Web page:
The Khasia language does not have alphabets. Tradition says that once they had a written scripture, which was destroyed by a calamity. They are bilingual and can speak in the Khasia language as well as in Bangla, although in some pejorated phonetics. Once the Khasia language used to be written in Bangla letters. The first Khasia version of some parts of the Bible appeared in Bangla. The literate Khasias still use Bangla alphabets in writing their letters in the Khasia language. At present, the Khasia langauge on the other part of the border is documented in Roman letters. In Bangladesh, the Khasia language does not have any universal character. Khasias living in Cherapunji in India, however, have standardised their version of the language.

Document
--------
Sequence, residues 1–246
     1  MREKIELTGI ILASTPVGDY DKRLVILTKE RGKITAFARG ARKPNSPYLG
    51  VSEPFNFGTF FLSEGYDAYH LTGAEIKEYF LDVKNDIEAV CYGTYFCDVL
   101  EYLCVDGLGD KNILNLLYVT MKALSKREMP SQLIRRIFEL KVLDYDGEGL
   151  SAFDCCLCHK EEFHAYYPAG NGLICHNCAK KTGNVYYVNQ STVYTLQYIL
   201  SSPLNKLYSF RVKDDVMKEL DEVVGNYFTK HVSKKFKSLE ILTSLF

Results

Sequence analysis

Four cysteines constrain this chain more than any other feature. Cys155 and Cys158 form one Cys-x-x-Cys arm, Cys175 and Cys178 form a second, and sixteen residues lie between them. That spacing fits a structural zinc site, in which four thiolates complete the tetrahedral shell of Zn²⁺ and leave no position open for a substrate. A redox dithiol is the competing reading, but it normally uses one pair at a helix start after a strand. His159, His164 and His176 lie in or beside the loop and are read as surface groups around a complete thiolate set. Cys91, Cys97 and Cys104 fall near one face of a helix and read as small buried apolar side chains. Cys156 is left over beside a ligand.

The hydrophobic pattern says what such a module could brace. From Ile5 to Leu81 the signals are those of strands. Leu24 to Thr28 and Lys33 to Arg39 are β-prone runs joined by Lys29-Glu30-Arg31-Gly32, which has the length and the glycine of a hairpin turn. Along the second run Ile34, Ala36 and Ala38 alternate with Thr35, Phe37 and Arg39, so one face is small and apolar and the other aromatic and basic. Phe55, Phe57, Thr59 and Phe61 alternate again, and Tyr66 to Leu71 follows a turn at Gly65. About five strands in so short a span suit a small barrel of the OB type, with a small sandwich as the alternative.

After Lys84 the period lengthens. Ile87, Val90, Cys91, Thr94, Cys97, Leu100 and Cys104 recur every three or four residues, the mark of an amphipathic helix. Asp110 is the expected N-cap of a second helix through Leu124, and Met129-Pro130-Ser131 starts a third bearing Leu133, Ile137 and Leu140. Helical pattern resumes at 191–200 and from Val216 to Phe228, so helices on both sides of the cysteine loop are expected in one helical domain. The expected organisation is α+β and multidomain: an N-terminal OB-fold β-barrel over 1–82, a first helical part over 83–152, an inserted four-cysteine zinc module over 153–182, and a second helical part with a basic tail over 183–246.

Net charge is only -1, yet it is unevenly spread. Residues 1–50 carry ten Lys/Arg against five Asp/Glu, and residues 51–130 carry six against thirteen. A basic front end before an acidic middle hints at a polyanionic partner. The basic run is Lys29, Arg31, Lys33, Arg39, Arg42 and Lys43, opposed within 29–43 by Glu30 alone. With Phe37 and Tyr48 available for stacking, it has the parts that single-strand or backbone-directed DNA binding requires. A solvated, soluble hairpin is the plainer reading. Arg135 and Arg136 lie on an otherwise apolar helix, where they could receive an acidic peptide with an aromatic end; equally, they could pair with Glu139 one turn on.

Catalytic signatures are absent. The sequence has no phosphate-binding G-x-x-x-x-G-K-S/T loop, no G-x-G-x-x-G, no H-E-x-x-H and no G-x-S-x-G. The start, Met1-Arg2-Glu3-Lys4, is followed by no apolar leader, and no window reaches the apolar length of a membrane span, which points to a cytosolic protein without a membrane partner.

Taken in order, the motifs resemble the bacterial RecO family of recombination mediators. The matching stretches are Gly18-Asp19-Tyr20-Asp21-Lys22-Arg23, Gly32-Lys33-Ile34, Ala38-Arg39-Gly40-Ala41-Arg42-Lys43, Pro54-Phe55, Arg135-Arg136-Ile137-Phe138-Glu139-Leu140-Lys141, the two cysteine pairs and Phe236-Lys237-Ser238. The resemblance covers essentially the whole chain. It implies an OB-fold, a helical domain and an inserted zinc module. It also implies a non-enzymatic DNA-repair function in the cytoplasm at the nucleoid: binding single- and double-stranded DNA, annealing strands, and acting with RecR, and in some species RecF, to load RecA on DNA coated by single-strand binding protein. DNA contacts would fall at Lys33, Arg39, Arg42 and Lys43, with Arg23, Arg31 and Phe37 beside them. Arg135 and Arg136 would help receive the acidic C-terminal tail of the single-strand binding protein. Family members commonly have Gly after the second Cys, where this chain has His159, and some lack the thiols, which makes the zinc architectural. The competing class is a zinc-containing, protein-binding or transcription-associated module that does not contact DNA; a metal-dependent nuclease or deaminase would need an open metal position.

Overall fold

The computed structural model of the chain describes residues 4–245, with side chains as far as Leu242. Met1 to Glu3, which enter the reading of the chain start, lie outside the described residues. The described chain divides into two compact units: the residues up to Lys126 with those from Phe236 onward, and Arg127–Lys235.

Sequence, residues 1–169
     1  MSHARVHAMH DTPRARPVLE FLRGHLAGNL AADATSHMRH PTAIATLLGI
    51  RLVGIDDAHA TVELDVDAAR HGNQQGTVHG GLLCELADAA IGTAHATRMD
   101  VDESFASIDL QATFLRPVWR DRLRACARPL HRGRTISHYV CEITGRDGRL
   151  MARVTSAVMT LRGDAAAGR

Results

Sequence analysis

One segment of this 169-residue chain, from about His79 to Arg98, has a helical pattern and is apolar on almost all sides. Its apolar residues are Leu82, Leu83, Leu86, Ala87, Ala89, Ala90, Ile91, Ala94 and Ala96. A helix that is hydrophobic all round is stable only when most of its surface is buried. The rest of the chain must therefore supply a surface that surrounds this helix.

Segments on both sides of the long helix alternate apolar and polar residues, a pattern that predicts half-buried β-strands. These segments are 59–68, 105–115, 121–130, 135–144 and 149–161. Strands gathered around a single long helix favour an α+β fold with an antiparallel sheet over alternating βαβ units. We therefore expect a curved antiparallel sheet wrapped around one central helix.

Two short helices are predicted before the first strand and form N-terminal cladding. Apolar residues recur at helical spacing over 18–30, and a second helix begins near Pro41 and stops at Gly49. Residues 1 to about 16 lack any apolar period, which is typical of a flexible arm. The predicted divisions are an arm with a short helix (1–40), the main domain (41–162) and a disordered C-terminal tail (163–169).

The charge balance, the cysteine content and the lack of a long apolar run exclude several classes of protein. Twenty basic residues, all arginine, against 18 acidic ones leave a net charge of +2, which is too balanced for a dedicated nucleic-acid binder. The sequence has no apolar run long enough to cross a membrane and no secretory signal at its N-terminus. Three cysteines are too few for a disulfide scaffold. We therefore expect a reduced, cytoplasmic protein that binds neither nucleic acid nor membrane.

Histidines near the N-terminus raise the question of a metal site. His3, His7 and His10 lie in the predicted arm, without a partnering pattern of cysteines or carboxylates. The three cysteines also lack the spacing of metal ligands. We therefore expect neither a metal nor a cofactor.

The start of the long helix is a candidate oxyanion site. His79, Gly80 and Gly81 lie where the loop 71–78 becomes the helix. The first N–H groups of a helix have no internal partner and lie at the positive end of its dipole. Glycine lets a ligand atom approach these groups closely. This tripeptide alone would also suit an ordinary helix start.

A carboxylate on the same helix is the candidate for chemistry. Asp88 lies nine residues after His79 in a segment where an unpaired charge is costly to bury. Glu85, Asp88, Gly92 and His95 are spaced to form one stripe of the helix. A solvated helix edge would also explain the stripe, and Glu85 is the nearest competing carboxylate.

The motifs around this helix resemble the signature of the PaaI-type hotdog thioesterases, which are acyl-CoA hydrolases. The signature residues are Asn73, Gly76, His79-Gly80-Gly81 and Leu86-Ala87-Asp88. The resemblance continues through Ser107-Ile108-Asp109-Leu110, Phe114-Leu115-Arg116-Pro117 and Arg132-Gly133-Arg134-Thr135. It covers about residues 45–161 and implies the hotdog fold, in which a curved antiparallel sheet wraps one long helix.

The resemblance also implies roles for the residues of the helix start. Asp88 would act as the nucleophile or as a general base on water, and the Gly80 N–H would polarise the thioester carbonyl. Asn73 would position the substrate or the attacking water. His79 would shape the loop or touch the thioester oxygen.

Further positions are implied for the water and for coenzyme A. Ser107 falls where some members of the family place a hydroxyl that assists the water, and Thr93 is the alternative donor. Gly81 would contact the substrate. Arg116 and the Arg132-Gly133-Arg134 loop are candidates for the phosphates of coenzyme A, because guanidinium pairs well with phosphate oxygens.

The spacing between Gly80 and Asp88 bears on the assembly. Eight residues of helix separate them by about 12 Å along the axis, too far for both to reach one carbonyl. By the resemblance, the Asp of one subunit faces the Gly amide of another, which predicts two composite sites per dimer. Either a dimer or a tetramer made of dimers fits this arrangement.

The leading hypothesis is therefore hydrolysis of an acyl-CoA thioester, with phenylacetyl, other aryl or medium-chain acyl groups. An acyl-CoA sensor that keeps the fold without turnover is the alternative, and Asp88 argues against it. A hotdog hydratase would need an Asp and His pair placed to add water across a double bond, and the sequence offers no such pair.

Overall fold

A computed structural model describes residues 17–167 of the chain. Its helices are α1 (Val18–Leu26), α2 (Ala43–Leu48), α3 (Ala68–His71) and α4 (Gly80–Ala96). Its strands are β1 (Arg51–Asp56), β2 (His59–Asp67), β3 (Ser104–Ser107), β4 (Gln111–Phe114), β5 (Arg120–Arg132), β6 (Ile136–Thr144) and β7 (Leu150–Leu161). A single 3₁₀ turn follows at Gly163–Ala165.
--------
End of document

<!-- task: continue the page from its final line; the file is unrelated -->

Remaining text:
The religious feelings, culture, dress and manners of the Khasia today have been moderated considerably under the influence of modern developments in education, science, technology and culture. While they are adopting modern life-styles, some primitive traits are still found in them. They perform various kinds of rituals throughout the whole year and pray for the fertility of their land. They perform khyakhang brata at the time of sowing seeds. Other rituals are pisthol, pirdong and khyaklam. Marriage is compulsory for Khasia men and is treated a command of God. Celibacy is sinful and cursed. They dance and sing in a chorus in marriage ceremonies and other regular festivals. They celebrate birth and death. They are good in dancing and singing.